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Causes of House Soiling in Dogs

Learn why dogs have accidents in the house.

Most of the time, when dogs eliminate inappropriately in the home, it's because they aren't entirely housetrained. But what if your dog is trained and suddenly starts house soiling?

Dogs That Have Accidents Aren't Spiteful

When your previously trained dog urinates or defecates in the house or on some of your belongings, it's easy to think they're angry with you or acting out of spite. But that is not the case. There is always a reason. Sometimes, it's medical and other times, it's behavioral.

Medical Problems That Can Cause Inappropriate Elimination in Dogs

There are a plethora of medical causes of inappropriate urination and defecation in dogs. Anything that causes an increase in urine or stool volume or increased urge can cause it. Loose stool can cause poop accidents in the house. Here are some of the medical conditions that can cause house soiling in dogs:

The first thing you should do if your housetrained dog starts having urine or stool accidents in the house is to visit the veterinarian. If possible, bring a sample of urine and/or stool with you for testing.

Behavior Problems That Can Cause Inappropriate Elimination in Dogs

There are many issues that aren't medical that can result in a dog having accidents in the house. Here are the most common ones:

  • You've moved, and housetraining didn't transfer. In this case, you will need to start over with crate training as though your dog is a puppy.
  • Past accidents have occurred there. If your dog or another dog has had a stool or urine accident in a specific spot, your dog may be able to smell it and have an overwhelming urge to mark over it. If you think that's the case, you'll need to do some deep cleaning with enzymatic cleaners. Learn more: "Cleaning Dog Urine."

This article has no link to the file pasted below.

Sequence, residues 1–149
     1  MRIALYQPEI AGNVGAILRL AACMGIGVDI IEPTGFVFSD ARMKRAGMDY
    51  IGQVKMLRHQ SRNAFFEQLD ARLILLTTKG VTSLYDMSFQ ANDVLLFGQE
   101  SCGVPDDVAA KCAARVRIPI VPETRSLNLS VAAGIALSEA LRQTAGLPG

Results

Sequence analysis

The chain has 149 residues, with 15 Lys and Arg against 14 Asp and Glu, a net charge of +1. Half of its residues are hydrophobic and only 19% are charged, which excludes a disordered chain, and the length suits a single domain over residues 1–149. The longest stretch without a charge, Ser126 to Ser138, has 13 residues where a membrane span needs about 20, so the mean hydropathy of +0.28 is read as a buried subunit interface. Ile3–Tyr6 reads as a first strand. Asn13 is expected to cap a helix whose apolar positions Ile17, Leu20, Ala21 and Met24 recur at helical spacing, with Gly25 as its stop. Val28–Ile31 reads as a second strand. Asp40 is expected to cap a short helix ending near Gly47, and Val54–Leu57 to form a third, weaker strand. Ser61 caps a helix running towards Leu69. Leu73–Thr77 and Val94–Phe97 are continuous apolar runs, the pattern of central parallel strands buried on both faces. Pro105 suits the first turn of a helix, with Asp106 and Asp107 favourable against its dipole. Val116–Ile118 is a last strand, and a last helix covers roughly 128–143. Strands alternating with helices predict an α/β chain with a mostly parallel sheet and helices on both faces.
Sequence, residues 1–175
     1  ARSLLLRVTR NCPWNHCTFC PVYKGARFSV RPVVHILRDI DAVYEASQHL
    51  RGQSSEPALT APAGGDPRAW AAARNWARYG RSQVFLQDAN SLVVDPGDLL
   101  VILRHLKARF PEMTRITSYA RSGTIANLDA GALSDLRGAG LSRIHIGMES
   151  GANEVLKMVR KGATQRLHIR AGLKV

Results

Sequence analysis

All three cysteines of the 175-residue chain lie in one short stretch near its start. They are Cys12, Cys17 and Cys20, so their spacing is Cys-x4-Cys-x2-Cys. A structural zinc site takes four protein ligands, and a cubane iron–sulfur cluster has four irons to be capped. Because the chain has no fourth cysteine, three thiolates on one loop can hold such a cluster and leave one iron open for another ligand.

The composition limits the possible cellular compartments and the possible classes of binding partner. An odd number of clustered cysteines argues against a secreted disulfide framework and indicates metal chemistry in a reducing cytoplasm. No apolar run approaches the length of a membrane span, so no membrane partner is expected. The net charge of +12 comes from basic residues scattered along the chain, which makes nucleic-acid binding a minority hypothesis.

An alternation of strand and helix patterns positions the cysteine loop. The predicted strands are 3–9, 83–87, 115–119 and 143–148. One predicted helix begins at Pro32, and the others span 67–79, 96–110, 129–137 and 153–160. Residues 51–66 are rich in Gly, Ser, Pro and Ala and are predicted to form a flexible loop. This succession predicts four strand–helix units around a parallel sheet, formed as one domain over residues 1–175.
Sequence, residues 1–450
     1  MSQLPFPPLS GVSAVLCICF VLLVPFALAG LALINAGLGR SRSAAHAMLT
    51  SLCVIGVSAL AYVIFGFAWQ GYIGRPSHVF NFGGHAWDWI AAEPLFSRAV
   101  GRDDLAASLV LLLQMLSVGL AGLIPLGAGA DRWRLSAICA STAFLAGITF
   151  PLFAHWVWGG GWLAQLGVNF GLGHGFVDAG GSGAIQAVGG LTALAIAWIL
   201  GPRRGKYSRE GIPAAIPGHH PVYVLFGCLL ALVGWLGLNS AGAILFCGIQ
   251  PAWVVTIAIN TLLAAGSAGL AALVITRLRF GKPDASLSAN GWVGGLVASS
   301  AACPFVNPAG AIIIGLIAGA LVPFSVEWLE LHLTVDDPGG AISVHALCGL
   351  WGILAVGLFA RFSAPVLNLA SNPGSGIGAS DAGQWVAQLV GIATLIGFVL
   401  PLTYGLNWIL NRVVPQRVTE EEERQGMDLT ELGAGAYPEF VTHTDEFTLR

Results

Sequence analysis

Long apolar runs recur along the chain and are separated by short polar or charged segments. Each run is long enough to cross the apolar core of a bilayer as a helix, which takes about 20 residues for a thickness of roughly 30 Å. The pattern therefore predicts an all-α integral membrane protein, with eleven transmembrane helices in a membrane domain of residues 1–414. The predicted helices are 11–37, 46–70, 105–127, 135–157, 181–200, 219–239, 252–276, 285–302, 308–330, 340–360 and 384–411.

• The dog is afraid to go in the right spot. Sometimes, a dog can become fearful of going outside or to the designated area for relieving themselves. That can happen if there's bad weather, loud noises, or another dog has harassed them while they were going. If you think that could be the reason for your dog's house soiling, you may have to do some reconditioning work. Retrain your dog to go outside by using praise and treats to associate it with good things in his mind.
  • The dog is expected to wait too long before going out. If a housetrained dog can't get out to eliminate, he'll hold it if possible, but eventually, he'll have no choice but to go. If your dog must stay inside for long periods, consider hiring a dog walker to let him out more often.
  • Separation anxiety can cause house soiling. If your dog develops anxiety, inappropriate elimination is one of the first things you could see. Learn more: "Separation Anxiety in Dogs."
  • Non-neutered dogs may mark territory. Both male and female dogs may inappropriately eliminate in the house as a way of marking territory. It's more common in males. However, female dogs in heat may urinate in the house at an increased rate too. Neutering after the behavior begins may curb it, but it's much more effective if the surgery is done before the behavior starts: "Dog Neutering: Is Earlier Better?"

Remember: Don't use punishment to curtail inappropriate urination or defecation. Doing so can increase a dog's anxiety and stress, which may make the problem worse. It will also damage the bond between you.

  • Stress can cause house soiling. If something has changed in the dog's life, the resultant stress can cause urination or defecation in the house. Often, that involves a change in schedule, the loss or addition of a housemate (human or animal), remodeling or rearranging in the home, or a new baby. If you think stress could have something to do with your dog's accidents, do what you can to re-establish a routine and increase your dog's exercise and play schedule.

You May Also Like These Articles:

Signs of Anxiety in Dogs

Separation Anxiety in Dogs

Submissive Urination in Dogs

Causes of Frequent Urination and Urinary Accidents in Dogs

Cleaning Dog Urine

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